What a Confessional Convention Might Look Like

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I’ve been pushing this idea of a Confessional Conversation  as a way forward on the conflict over same-sex marriage and LGBTQ liberation and struggling to answer the question “what would that actually look like?”

A few posts ago I talked about the concept of curating a conversation and proto-confessions. After some more conversation I wondered what it might be to have a Confessional Convention. What might that look like? How might that help the process?

What might this look like or not look like?

Not a celebrity driven conference: The focus would not be big speeches by big names in front of big audiences. The desire would be to create many accessible conversations where there could be papers given but also discussion and listening to one another.

The goal would not be a grand bargain or avoiding a split. Often what you see when churches have “summits” is a desire for one new bright idea to come out and somehow resolve everything. This is often what is implied by “a way forward”. I’m dubious. I don’t care how much praying you do, smooth processing you do, this goal has eluded every effort to find it so far. I don’t think it can be done, the division is simply too binary right now.

The goal would be to see what clarity could emerge against the larger theological landscape concerning the issues involved. The point of my confessional conversation has been to pull back the lens, from a macro-lens trying to focus on the dew on one flower to how that flower relates to the other plants in the theological and implicit confessional expressions that are cropping up around us. We want to clarify perspective and we assume from the beginning that there will be multiple perspectives in tension or in conflict.

The event would be curated and facilitated for clarity, sub-communities and proto-confessions. Desired outcomes, besides new friendships, relationships, networks and understanding would be that implicit confessions could become more explicit and communities, teams and friendships could emerge behind these emerging confessions.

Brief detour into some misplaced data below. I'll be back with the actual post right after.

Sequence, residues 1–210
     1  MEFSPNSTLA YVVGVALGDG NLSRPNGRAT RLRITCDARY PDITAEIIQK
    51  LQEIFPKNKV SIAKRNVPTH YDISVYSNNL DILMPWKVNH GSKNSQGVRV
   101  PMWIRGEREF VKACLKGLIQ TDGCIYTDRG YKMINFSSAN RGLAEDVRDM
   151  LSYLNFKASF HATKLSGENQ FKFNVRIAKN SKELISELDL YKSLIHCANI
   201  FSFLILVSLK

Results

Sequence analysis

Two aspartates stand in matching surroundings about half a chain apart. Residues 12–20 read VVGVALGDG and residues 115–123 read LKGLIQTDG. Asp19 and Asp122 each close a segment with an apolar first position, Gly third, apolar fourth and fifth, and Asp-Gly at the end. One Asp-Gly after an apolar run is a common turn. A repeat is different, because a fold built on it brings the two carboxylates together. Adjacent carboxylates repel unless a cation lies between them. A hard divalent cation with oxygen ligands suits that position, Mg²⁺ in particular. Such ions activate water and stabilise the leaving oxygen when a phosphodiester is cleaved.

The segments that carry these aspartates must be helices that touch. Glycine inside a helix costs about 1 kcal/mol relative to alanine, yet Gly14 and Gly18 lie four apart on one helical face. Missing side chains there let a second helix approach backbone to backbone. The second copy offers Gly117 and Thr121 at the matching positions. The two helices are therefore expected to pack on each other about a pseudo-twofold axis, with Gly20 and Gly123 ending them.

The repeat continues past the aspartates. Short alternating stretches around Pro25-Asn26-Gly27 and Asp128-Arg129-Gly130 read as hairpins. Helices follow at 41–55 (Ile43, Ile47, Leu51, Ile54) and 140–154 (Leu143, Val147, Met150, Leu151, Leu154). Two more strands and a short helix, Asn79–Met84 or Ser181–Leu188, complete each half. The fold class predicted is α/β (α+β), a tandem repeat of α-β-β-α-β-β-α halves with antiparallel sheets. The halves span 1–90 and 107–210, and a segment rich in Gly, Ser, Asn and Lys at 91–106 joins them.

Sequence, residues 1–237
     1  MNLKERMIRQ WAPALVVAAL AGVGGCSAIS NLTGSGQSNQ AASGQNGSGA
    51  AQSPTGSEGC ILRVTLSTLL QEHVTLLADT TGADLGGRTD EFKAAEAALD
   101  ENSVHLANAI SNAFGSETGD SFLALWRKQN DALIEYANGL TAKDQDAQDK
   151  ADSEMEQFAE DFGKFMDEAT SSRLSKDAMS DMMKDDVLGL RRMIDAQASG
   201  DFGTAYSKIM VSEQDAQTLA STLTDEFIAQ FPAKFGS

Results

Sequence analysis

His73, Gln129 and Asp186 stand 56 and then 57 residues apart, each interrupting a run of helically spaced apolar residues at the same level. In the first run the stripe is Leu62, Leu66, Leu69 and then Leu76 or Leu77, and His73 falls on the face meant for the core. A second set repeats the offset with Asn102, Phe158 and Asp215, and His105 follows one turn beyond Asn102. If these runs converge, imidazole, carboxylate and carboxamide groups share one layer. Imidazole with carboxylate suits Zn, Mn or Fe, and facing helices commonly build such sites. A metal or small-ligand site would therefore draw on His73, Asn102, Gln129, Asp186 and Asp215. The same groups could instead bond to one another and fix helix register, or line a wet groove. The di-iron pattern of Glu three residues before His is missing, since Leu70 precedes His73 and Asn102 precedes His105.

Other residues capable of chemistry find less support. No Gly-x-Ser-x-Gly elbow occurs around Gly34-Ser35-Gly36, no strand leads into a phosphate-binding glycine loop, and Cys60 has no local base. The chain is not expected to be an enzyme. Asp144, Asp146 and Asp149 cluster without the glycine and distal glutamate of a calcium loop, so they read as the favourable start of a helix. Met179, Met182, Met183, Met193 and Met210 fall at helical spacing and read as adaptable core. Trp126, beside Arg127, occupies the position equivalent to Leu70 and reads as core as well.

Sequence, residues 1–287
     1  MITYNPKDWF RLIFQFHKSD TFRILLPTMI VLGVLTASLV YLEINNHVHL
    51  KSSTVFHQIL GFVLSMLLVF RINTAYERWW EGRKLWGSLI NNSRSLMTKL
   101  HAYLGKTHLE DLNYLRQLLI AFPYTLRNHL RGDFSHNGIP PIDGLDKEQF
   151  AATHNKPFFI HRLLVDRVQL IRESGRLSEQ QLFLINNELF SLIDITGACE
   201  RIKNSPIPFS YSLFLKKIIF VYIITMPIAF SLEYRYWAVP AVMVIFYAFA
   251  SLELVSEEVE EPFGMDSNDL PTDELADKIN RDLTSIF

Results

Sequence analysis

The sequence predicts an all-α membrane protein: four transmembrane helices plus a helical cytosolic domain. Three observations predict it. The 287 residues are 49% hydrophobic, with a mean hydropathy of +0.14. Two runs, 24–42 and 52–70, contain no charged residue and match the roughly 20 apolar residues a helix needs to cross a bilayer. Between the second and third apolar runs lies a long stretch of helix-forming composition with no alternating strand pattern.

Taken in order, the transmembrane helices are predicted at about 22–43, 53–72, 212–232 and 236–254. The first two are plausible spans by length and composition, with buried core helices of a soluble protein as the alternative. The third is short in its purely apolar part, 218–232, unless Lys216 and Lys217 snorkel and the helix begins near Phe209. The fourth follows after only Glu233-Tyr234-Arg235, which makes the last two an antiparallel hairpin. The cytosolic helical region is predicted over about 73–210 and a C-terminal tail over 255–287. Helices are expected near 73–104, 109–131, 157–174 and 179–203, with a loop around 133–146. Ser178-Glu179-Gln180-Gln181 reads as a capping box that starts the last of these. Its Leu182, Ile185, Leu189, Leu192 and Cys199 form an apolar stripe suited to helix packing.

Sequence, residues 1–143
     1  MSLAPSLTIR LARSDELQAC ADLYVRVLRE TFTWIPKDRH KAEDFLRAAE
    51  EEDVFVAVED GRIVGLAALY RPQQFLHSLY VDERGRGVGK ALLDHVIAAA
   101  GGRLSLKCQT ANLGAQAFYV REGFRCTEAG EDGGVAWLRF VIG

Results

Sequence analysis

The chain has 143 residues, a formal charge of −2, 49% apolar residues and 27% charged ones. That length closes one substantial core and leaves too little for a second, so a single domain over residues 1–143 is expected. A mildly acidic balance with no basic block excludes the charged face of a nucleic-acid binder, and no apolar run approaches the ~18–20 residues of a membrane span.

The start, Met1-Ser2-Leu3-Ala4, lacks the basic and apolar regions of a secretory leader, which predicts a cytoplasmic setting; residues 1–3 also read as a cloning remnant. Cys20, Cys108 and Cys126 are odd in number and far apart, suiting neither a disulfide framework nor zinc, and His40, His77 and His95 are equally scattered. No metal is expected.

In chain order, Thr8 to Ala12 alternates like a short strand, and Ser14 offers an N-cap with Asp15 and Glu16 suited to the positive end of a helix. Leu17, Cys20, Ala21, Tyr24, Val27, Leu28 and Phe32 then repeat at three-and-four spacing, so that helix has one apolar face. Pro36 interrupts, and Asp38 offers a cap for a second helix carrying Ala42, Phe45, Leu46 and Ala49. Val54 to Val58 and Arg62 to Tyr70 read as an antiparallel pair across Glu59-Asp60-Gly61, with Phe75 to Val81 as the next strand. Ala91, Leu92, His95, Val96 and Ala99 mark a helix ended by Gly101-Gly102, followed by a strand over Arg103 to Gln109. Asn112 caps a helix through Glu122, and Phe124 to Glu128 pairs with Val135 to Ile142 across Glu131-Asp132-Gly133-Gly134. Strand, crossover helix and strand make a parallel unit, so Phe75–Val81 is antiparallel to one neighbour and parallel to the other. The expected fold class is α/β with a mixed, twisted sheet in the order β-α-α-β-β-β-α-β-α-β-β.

The convention would have no political authority in the CRC or anywhere else. Classes, congregations, clergy, denominational leaders could feed from and use what proto-confessions might come out of the process but it would not itself be an authoritative process for the CRC or anyone else.

Anyone would be welcome to come. The boundaries would be behavioral. There would be a code of conduct explicit and enforced, one that helps us have productive conversations and allows multiple voices to be heard. Convention organizers would be looking for emergence of clear proto-confessions that allow groups to coalesce and proceed.

The Convention would be imagined to be just one event in a larger, longer conversation. The organizers and curators would probably want to build interest and material for the convention online prior to the event using social media and existing factions and interest groups.

The venue would be dependent upon interest. I could imagine something like this at a Christian college during the summer where there are dorms, dining halls, wifi, a library, and space for lots of little informal conversations to take place.

What do you think? What ideas do you have to contribute to it? Would you come? Why won’t it work?

I’m just dreaming here. I dream better when I’m not dreaming alone.

About PaulVK

Husband, Father of 5, Pastor
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4 Responses to What a Confessional Convention Might Look Like

  1. Pingback: Overture 31 from Wisconson and the Confessional Conversation | Leadingchurch.com

  2. Rob Braun says:

    I would think this is something for those who already accept SSM as a confessionally acceptable belief. I doubt very much those who see SSM as something not confessional or biblical would probably avoid the open ended conversation.

    • PaulVK says:

      I would hope not. Both sides have confessional work to do. Multiple proto-confessions could emerge. The goal is to contextualize the conversation in the midst of subterranean cultural forces. Both sides need to figure out their context and decide how to respond.

  3. Ann says:

    It took me a long time to realize that this debate has never been about SSM or affirmation of LGBTQ persons. It will probably take me longer to see what it is really about. I like this idea of having a confessional conversation because at least we would give ourselves a chance to figure out what the conflict is really about. I really believe we have created a scapegoat (in the LGBTQ community) to carry some brokenness that we can’t bear to name. What do we really have to lose?

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